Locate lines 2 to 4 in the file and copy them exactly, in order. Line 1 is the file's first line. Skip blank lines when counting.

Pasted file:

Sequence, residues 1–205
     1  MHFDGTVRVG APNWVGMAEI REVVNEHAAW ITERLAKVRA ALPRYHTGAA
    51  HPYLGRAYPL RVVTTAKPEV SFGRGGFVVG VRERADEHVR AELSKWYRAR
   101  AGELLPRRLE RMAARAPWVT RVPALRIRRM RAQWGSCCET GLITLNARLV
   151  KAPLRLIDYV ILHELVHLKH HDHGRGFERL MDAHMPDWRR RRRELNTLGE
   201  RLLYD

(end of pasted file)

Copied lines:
     1  MHFDGTVRVG APNWVGMAEI REVVNEHAAW ITERLAKVRA ALPRYHTGAA
    51  HPYLGRAYPL RVVTTAKPEV SFGRGGFVVG VRERADEHVR AELSKWYRAR
   101  AGELLPRRLE RMAARAPWVT RVPALRIRRM RAQWGSCCET GLITLNARLV